Although the inference to two musical composers of the song “Day in the Life” was in fact accurate, the character of the inference as such was by no means indubitable. It is not impossible for the same composer to have two different stamps of creativity. Consider only the early and late John Lennon. The transition at the album Rubber Soul, but even more pointedly at the song “Tomorrow Never Knows,” is palpable. What comes before is quite different.
So, let’s take another song with two quite distinct moments. “Behind Blue Eyes” by The Who. Its soft melodic musing in the first 2/3 is quite contrasted by its thrashing in the last 1/3, which closes with a bookend reprise of the first 2/3. The melodies are quite different. The beats. The vocal tone. The lyrical themes. We find in fact a schema similar to that which we found with “A Day in the Life.” Part 1 has characteristics R, S, T, U. And Part 2 has characteristics V, W, X, Y. However, in this case, an inference to two composers would in fact be false. Another example of a similar case of single authorship of a song with two distinct parts is Stairway to Heaven.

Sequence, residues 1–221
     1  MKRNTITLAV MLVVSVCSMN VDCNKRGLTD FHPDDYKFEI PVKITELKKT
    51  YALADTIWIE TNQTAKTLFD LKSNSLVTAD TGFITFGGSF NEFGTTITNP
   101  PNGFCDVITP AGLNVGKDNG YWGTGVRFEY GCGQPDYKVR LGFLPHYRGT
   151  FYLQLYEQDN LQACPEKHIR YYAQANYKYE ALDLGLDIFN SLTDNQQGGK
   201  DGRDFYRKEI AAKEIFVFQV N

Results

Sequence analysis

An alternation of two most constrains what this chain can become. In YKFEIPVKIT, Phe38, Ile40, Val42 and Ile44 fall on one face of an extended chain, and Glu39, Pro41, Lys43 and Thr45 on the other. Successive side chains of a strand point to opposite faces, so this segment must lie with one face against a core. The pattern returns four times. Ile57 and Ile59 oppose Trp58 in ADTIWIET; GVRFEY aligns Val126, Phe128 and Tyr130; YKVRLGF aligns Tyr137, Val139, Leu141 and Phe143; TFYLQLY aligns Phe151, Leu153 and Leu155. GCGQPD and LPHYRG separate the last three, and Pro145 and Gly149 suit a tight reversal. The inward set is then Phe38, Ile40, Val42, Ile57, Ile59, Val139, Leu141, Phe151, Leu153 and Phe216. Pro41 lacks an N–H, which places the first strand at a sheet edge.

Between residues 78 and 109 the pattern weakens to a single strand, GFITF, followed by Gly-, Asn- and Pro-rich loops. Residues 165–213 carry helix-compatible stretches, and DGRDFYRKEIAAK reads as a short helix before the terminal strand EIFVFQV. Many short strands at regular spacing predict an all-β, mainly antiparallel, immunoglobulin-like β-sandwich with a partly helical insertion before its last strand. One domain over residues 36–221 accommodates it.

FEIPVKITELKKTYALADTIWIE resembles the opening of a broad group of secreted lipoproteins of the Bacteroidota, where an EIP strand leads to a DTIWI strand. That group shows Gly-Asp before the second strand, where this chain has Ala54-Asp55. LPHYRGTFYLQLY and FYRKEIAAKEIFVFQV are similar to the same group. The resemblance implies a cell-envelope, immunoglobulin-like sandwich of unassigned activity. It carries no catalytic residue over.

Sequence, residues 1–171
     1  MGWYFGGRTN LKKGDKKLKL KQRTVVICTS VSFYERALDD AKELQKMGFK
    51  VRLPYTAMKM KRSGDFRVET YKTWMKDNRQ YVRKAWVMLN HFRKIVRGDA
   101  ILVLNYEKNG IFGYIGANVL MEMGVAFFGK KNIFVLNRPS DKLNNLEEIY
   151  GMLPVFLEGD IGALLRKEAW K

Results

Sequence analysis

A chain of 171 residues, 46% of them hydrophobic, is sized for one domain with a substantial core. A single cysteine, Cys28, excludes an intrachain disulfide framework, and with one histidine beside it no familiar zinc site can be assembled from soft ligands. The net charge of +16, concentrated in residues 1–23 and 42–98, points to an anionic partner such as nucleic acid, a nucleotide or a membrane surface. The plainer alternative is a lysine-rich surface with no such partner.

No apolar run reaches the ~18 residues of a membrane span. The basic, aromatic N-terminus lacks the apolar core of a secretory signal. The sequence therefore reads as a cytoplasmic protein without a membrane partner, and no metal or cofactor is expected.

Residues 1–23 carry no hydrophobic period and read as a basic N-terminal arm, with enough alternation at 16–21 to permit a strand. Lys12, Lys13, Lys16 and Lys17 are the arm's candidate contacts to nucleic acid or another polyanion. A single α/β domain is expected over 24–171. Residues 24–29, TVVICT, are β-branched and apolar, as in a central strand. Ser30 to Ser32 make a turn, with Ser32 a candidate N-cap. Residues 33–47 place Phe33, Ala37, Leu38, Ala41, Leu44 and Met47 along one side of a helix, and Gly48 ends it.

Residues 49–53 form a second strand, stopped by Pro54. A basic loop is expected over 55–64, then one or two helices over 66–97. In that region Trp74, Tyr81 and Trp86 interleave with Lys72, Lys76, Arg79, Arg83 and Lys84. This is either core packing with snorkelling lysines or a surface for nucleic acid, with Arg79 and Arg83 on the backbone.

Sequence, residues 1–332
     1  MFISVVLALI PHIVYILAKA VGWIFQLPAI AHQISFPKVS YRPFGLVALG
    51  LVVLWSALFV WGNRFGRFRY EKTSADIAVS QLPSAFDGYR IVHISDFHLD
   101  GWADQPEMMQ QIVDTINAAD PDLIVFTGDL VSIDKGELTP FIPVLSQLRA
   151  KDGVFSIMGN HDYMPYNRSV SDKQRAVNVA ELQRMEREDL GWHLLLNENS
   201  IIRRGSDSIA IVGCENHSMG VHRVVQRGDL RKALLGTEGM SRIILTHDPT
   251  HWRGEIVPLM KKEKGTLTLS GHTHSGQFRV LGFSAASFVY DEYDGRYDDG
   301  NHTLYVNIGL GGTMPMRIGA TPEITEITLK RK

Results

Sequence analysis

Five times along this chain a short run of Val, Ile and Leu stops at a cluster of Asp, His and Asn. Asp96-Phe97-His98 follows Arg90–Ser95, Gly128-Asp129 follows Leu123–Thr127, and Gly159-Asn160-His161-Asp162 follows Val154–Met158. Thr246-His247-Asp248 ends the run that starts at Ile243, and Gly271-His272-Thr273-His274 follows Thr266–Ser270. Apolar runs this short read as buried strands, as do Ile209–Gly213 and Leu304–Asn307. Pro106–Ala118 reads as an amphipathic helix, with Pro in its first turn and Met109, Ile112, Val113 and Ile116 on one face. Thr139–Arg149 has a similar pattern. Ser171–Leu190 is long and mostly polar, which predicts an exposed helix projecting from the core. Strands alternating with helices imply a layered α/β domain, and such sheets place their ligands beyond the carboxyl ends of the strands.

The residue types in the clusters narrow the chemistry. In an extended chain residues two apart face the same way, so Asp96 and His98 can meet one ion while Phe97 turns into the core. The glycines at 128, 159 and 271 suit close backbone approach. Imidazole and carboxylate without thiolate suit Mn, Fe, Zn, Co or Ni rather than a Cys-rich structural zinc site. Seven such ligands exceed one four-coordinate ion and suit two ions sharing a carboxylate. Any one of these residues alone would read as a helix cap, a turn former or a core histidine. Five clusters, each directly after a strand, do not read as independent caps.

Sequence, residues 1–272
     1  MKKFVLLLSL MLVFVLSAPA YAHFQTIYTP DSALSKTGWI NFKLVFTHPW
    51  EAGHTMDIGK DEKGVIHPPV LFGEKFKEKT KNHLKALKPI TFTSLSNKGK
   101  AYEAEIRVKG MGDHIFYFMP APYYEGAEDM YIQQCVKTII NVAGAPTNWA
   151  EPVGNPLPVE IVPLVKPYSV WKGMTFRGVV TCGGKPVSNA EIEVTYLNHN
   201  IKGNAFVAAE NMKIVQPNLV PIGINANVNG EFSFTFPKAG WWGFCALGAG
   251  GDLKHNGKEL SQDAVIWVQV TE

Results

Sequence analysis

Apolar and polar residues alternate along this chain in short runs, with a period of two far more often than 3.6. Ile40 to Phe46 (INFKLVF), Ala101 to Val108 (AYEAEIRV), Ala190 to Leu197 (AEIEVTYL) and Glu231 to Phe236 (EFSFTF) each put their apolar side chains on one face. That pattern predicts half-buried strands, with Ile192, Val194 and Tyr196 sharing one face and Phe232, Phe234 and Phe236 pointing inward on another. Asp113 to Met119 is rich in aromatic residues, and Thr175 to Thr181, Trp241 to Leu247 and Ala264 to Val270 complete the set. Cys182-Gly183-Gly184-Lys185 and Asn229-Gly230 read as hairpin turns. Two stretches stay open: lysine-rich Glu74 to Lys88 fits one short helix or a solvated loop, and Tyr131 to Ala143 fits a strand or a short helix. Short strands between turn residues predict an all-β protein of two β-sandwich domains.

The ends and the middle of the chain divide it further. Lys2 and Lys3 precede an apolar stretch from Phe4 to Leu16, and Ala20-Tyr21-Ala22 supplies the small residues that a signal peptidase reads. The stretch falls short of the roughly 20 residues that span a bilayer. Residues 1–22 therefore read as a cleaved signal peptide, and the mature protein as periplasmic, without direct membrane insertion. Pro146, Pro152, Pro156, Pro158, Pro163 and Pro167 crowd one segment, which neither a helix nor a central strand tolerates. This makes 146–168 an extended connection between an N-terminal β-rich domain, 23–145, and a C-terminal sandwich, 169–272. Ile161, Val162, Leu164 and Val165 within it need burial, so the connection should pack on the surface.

My apologies for the lamentable character of the lyrics of the songs of the examples. Had I a better musical history in my teen years, I could reference Bluegrass. Alas. But one could also think of the Second Movement of Beethoven’s 7th Symphony. So utterly distinct from the Third Movement.
The point of today’s reflection is to take sober stock of the limitations of the character of this kind of inference.